I can't remember how many kids participated. I think it was not more than a dozen, mostly girls (the teacher was really handsome) and a few nerdy boys from the rocket club (which was also mentored by same teacher). The others in the group participated little in the discussions except for one of the rocketry nerds (who liked to hear himself talk, whether he knew what he was talking about or not) and me. I read the entire 1200 pages, while neglecting homework in all my subjects. I asked a lot of questions in the group, and the teacher seemed thrilled to elaborate. I am sure that I didn't understand more than a fraction of what I read or what the teacher tried to explain to me, but I found the exercise thrilling. At some point during that school term, I sublimated my crush on the teacher and fell in love with the process of pondering and discussing ideas. That passion has never diminished.
Recently, I watched a documentary about the "prophecy" of Atlas Shrugged*. I turned it on mainly because the juxtaposition of "prophecy" with the name of a committed atheist hooked me. It turned out to be a very interesting show. I had forgotten most of the story, however, so I felt I wasn't getting the most out of the documentary. I found the parallels the filmmakers drew to contemporary politics chilling, and wanted to read the novel again. The next day, I downloaded the book to my Kindle and spent a week tearing through it during every spare moment. After I finished, I watched the documentary again.
The experience left me reeling. For one thing, I realized as I read the book that, while I had forgotten most of the details of the story, I had adopted a great deal (but not all) of the philosophical foundation on which it was constructed. I also found that I agreed with the documentary that a lot of what we see in contemporary news seems to be right out of the pages of Atlas Shrugged: the sense of "entitlement" to government handouts; the lack of a sense of personal responsibility on the part of too many people; the tendency of the people to blame "the rich" for their own lack of success; etc. etc. etc.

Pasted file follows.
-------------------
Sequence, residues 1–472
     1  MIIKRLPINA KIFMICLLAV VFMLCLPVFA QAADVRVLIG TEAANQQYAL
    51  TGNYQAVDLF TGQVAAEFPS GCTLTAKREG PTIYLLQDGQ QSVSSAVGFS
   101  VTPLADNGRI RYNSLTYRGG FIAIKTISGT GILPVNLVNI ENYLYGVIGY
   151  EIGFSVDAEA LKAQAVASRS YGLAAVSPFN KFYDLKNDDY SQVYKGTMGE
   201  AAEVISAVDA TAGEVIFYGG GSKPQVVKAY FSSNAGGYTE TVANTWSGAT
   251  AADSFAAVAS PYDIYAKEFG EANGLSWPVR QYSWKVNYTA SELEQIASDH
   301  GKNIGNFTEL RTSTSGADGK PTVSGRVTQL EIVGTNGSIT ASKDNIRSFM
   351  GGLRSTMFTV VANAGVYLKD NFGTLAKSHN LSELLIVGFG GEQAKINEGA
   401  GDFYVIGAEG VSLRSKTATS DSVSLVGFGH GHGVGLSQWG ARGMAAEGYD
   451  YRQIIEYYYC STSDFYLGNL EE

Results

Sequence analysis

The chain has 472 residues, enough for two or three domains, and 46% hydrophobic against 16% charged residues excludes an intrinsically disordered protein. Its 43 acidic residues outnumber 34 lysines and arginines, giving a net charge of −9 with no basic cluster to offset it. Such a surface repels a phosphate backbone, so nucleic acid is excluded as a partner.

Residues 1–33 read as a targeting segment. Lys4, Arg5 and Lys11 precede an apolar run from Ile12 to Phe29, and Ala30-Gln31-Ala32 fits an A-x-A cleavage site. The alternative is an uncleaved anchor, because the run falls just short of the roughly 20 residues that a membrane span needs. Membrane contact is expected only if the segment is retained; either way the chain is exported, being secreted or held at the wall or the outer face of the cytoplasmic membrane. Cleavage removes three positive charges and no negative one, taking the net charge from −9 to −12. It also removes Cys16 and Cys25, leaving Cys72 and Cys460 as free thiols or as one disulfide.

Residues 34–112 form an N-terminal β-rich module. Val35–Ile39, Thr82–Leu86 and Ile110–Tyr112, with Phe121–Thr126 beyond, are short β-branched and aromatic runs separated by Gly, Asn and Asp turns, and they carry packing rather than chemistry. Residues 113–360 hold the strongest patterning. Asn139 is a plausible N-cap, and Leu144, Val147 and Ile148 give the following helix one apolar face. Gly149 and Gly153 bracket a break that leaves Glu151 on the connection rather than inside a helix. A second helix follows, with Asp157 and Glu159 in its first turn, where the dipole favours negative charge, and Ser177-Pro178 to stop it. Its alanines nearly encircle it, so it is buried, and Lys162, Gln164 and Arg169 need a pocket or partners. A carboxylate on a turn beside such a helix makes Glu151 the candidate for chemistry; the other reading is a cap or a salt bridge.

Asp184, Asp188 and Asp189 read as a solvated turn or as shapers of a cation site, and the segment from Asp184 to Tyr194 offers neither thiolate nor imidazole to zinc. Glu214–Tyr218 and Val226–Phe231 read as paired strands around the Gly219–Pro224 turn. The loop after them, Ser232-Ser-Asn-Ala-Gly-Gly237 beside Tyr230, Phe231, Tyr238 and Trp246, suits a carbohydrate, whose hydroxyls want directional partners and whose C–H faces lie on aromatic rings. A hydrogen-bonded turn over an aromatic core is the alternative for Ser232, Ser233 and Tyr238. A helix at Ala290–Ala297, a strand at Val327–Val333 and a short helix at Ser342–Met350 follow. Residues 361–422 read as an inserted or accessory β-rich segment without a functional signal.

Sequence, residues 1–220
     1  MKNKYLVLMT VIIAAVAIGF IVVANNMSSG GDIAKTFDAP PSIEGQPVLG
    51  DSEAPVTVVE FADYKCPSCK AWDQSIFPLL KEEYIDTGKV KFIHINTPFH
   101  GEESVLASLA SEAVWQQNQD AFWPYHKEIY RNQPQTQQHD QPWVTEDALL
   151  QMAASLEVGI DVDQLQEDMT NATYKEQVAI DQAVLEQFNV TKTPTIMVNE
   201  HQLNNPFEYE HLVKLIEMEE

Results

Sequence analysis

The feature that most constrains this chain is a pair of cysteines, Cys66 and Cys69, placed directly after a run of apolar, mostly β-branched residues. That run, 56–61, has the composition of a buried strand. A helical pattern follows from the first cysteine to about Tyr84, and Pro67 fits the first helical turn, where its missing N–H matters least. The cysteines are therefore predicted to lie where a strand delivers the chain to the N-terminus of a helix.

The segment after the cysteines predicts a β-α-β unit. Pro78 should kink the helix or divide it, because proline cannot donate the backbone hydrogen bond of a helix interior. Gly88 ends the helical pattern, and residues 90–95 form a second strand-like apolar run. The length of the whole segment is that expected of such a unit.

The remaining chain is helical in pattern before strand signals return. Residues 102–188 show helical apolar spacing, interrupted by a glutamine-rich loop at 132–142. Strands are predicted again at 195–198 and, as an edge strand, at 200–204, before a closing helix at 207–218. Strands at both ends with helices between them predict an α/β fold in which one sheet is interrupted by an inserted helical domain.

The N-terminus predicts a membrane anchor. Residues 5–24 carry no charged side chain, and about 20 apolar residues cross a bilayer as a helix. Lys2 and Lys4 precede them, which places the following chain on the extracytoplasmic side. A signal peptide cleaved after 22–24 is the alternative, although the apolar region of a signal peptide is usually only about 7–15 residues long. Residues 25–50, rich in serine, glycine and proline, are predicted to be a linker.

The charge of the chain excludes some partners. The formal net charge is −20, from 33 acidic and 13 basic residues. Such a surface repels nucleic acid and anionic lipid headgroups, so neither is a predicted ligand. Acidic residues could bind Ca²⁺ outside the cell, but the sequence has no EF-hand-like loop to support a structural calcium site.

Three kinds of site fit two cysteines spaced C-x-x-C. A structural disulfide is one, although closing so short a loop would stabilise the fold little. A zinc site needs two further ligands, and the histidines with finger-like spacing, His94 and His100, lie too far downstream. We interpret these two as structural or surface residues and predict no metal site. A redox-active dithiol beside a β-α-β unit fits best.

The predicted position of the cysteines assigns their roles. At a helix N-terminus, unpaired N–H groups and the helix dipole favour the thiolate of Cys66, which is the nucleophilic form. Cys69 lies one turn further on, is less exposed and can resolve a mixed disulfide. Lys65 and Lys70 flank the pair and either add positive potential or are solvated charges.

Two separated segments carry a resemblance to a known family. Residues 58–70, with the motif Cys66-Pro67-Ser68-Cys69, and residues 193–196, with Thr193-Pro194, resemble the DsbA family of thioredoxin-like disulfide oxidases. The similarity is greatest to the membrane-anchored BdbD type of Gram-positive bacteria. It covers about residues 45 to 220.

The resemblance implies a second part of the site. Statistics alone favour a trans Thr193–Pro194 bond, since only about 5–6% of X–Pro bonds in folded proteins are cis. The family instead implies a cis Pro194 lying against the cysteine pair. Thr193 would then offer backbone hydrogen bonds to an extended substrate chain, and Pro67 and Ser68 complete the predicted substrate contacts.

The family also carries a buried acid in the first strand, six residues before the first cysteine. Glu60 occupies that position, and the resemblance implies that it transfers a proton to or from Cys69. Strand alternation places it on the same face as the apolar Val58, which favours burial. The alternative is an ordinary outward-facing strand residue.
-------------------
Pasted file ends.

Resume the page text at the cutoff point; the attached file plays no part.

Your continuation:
Perhaps the thing that resonated most of all was the sense that the people who make up the government are parochial, small-minded people out for what will benefit them, without regard for the welfare of the country:
"He was seeing the enormity of the smallness of the enemy who was destroying the world. He felt as if, after a journey of years through a landscape of devastation, past the ruins of great factories, the wrecks of powerful engines, the bodies of invincible men, he had come upon the despoiler, expecting to find a giant -- and had found a rat eager to scurry for cover at the first sound of a human step."Atlas Shrugged is not great literature. It is far from the kind of fiction that is supposedly what contemporary readers want. It is, however, a gripping story, with larger-than-life characters who live heroic lives, but are still somehow human. In too many ways the story world parallels the world we live in today. That is particularly chilling because there is no Galt's Gulch filled with geniuses to come to the rescue after we finish wrecking our world.
One of the comments made in the documentary was that Rand's books had never been well-reviewed by literary critics, but Atlas Shrugged has never been out of print -- since 1959. Recently it has had a resurgence of popularity. That gives me a little hope that there are people of integrity and responsibility "out there." People who refuse to participate in the divisiveness and cowardice that has paralyzed our government, the rampant avarice of too many (but not all) in the business community, or the sense of entitlement to handouts on the part of financially irresponsible businesses and individuals, all of which are destroying our economy.
I hope that there are enough of that righteous remnant to put the U.S. back together again after the crash that seems to be heading our way. It would be even better if courageous leaders would emerge and marshal the rational people to take back our country, and prevent the disaster that appears to be the logical conclusion to our current course.
Maybe the question for our time should be: Where is John Galt?
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